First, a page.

# config/boot/jay_doubleu_tee.rb

Hanami.application.register_bootable :jay_doubleu_tee do |container|
  init do
    require 'jay_doubleu_tee'
  end

  start do
    JayDoubleuTee.configure do |config|
      config.algorithm = 'RS256'
      config.secret = container[:settings].jwt_public_key
    end
  end
end

Having the gem installed and configured, I only need to use it. For that, I open the config.ru file and add my JayDoubleuTee::Authorization middleware to the application stack.

Now let me start the server...

And when I'll open the postman now, I'll get an unauthorized error response for my drafts!

Unauthorized response exampleUnauthorized response example

This is neat.

If I'll set the authorization header in my request, setting the token to the just generated string, My app will return the actual response!

Access the payload

That is awesome, but what if I'd like to check additional access criteria in my article details action, to allow the client to list my draft articles, only if the token contains a certain scope in the payload or the current user id is present in the token payload?

For that, I'd need to have access to the payload stored in the token.

With JayDoubleuTee it's extremely easy. In your action just include the JayDoubleuTee::Auth module, and from now on I have the access to the auth object, which is a decoded payload extracted from the request token!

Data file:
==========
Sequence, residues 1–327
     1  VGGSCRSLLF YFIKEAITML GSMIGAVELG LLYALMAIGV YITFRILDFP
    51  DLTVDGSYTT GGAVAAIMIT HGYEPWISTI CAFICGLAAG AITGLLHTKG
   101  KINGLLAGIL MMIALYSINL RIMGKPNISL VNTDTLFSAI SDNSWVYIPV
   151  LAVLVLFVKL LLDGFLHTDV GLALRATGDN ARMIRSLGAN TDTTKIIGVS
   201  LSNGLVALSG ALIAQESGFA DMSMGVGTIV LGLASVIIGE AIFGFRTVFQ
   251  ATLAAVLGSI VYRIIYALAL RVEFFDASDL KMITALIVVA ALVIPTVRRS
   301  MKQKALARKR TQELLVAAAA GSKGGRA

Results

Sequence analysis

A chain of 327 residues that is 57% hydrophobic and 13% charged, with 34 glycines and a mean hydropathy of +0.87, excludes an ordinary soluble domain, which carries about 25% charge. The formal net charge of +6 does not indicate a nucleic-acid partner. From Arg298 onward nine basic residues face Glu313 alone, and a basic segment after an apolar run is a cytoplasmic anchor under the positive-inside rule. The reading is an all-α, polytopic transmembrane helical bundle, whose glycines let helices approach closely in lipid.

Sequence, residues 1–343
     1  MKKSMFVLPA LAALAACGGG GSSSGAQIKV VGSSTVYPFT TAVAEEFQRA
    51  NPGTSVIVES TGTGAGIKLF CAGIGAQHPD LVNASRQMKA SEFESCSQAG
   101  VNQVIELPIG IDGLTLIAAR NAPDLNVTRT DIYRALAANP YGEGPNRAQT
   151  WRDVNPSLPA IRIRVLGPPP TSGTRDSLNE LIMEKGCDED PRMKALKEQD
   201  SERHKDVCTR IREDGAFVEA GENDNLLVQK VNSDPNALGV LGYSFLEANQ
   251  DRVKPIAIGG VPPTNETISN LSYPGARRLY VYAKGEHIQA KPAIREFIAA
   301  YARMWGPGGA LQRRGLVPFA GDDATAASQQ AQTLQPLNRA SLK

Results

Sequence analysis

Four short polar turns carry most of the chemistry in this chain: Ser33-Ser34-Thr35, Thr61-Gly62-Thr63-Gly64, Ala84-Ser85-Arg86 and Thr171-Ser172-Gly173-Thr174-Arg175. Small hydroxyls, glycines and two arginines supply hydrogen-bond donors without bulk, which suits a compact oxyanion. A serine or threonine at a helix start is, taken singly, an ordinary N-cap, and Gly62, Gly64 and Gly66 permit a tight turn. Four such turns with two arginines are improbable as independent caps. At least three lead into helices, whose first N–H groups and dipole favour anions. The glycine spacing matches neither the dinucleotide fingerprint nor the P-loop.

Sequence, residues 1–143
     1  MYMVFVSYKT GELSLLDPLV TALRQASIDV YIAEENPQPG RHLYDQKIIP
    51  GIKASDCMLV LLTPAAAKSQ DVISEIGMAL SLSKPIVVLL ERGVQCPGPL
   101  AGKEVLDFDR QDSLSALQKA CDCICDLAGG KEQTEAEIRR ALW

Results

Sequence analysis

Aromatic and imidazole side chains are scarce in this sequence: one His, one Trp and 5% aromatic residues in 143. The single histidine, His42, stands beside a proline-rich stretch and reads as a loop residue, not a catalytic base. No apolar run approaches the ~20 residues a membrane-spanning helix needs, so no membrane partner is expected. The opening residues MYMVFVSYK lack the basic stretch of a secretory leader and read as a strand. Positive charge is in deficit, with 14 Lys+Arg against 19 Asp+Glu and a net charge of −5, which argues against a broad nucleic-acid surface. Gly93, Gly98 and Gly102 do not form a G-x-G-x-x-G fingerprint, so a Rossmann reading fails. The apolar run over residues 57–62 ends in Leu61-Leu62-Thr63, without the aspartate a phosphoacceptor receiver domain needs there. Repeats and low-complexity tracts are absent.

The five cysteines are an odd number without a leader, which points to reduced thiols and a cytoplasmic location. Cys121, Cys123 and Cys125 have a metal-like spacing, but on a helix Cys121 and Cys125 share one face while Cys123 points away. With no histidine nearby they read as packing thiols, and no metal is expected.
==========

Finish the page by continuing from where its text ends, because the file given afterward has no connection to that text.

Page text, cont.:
If I'll render it here, you'll see exactly the payload I used to generate the token earlier.

# slices/main/actions/articles/published.rb

module Main
  module Actions
    module Articles
      class Published < Main::Action
        include Deps[
          repo: 'persistence.repositories.articles'
        ]

        include JayDoubleuTee::Auth

        def handle(req, res)
          res.headers['Content-Type'] = 'application/json'
          res.body = auth.value!
        end
      end
    end
  end
end

Having that I can have very fine-grained control over the access verification for any of my actions. I can now verify if the user has access to the requested resource by adding a check if the scopes of my decoded token include the public.articles one.

Then I'll render the valid JSON response only for this case, otherwise returning an error to the browser.